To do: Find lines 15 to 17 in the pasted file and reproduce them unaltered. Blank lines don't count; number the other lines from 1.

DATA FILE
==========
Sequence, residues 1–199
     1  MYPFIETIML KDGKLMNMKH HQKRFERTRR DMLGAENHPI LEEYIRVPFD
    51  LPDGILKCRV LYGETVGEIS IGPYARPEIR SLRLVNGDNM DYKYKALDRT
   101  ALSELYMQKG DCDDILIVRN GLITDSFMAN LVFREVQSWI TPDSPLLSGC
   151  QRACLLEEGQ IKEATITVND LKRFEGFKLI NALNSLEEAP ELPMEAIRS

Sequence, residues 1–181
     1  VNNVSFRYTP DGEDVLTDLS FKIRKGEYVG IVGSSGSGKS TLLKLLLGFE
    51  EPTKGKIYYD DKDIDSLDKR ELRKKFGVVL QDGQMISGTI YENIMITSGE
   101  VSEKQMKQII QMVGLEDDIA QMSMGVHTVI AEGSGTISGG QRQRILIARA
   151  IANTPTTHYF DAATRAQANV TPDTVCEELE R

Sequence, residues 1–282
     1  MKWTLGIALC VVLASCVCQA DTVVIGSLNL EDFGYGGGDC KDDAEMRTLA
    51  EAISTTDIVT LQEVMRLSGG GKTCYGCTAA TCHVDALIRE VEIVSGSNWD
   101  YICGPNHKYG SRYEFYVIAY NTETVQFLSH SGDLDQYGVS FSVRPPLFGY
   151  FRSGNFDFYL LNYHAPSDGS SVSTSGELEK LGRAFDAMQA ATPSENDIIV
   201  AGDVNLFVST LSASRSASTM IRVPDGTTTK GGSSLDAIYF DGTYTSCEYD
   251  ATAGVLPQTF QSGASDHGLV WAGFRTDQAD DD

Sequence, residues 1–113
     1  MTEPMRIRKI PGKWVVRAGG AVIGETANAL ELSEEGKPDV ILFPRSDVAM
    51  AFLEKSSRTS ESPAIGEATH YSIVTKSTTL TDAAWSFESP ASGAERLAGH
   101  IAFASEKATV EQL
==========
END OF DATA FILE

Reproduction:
   151  FRSGNFDFYL LNYHAPSDGS SVSTSGELEK LGRAFDAMQA ATPSENDIIV
   201  AGDVNLFVST LSASRSASTM IRVPDGTTTK GGSSLDAIYF DGTYTSCEYD
   251  ATAGVLPQTF QSGASDHGLV WAGFRTDQAD DD